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Bungala Ridge Permaculture Gardens


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Permaculture Techniques - Terraforming


Moving earth to create the physical foundations of all the systems to be employed in the permaculture design. These include earth-works for water collection and retention on site, foundation construction for roads and pathways, dwellings and other buildings, drainage, terracing for gardens, control and minimisation of off-site pollution (noise, water and air pollution), and fire protection banks. Terra forming is one of the first techniques to be used, after planning and before placement of elements in the systems.


  • Maximises utilisation of on-site water (ground water, rainfall, run-off collection); including retention of water in the ground using structures such as swales.
  • Water storage ponds and dams established early to supply establishing systems.
  • Cheaper, and less destructive, to do in the early stages of development.
  • Earth (dirt) is an on-site (and hence cheap) resource, and used creatively can eliminate many material costs.
  • Earth has excellent insulating properties - sound, temperature.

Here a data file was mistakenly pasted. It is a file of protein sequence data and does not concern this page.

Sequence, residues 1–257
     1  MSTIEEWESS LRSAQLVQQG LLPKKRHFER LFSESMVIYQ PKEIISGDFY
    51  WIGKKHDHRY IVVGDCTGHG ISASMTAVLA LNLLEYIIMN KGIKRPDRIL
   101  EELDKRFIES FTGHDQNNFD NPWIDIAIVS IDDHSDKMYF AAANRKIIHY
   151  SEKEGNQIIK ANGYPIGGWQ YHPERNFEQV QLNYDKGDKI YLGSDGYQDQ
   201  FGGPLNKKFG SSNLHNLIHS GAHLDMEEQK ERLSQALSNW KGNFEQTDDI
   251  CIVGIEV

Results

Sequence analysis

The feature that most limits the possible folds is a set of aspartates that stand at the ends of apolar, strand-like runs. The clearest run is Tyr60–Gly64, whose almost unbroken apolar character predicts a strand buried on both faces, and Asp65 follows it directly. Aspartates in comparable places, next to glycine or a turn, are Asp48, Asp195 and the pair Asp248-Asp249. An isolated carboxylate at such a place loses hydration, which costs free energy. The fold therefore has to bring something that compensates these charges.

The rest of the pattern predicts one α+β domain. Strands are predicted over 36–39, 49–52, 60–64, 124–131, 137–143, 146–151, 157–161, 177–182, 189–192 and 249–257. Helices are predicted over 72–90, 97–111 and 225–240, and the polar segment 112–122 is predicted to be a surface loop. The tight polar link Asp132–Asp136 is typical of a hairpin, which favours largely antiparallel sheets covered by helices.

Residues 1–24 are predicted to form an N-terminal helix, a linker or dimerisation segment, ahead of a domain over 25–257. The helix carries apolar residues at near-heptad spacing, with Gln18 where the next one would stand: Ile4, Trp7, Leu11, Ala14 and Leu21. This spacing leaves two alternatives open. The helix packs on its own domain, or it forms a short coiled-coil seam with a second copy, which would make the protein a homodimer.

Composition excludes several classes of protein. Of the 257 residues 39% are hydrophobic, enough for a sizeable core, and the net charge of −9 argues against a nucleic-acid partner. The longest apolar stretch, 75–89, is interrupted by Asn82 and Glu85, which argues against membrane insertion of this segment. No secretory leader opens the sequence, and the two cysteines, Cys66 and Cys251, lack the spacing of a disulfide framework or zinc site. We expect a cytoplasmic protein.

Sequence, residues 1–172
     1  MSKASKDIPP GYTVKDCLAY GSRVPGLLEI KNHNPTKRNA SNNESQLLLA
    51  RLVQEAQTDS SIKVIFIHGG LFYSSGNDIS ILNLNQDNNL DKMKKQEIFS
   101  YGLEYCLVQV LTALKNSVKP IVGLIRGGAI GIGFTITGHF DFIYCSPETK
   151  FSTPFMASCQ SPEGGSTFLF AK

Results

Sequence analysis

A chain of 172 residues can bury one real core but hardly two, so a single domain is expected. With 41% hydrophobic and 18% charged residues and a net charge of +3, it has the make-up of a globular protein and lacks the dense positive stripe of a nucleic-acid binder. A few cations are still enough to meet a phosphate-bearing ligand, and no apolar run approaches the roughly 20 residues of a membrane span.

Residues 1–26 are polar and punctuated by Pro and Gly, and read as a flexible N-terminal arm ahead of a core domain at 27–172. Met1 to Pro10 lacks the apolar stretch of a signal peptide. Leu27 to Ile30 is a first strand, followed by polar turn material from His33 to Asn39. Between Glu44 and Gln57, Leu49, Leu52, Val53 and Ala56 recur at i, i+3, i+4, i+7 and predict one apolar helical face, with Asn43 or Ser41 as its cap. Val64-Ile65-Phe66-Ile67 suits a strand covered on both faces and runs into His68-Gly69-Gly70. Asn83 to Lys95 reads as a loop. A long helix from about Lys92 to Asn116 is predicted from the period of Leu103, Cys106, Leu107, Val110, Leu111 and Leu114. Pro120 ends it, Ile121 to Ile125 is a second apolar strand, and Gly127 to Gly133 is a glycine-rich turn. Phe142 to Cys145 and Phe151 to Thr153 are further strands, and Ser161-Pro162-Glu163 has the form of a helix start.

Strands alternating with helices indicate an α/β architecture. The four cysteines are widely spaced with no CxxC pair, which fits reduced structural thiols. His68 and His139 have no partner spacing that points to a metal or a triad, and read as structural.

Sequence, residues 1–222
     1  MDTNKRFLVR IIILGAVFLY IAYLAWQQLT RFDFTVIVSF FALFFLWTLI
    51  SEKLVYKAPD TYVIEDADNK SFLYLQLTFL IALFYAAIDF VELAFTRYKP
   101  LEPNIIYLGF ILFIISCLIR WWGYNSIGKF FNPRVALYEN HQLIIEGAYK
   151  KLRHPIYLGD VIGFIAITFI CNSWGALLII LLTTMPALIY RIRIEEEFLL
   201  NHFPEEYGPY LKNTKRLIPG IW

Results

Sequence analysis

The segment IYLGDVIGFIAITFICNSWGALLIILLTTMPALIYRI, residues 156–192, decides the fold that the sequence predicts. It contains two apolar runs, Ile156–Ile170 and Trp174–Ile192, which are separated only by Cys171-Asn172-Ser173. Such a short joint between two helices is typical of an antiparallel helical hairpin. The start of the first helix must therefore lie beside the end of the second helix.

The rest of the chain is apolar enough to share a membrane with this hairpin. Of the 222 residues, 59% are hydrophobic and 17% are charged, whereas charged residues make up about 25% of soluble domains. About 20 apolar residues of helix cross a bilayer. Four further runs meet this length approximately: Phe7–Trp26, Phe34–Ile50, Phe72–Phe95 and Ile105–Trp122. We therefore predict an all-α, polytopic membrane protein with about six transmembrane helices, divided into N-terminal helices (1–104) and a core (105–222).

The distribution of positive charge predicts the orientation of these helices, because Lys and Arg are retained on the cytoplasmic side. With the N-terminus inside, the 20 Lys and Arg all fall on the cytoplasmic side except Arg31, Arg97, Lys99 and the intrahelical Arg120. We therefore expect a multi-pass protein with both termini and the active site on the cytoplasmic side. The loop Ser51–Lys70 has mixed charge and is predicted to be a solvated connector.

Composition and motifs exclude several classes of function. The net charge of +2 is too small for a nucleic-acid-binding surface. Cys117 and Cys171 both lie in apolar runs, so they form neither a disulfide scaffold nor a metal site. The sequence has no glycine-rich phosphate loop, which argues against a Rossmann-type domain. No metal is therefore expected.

• Terracing maximises surface available on sloping sites for gardens, especially south facing slopes, for solar access.
  • Controls erosion, minimises on-site erosion.
  • May improve accessibility to different areas of site.
  • Protection, eg. fire breaks, mounds to protect from strong prevailing winds, flood water control.


  1. Plan site according to observation of climatic conditions, soil type and structure with respect to earth-works. Determine contours and natural drainage patterns.
  2. Employ suitable techniques for terra forming according to the work being done, available finances or people resources (spades, bobcats, bulldozers!).
  3. Remove topsoil and store to replace on the actual earthwork site, or for use elsewhere.
  4. Rehabilitate site immediately with mulch and planned plantings to remove risk of soil erosion.




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permaculture ethics
care for earth,
care for people,
return surplus,
reduce consumption

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Copyright © Beverley Paine 2002-14. Article from this website may be downloaded, reproduced, and distributed without permission as long as each copy includes this entire notice along with citation information (i.e., name of the periodical in which it originally appeared, date of publication, and author's name). Permission must be obtained from the author in order to reprint this article in a published work or to offer it for sale in any form. Please visit Bungala Ridge Permaculture Gardens for more original content by Beverley Paine.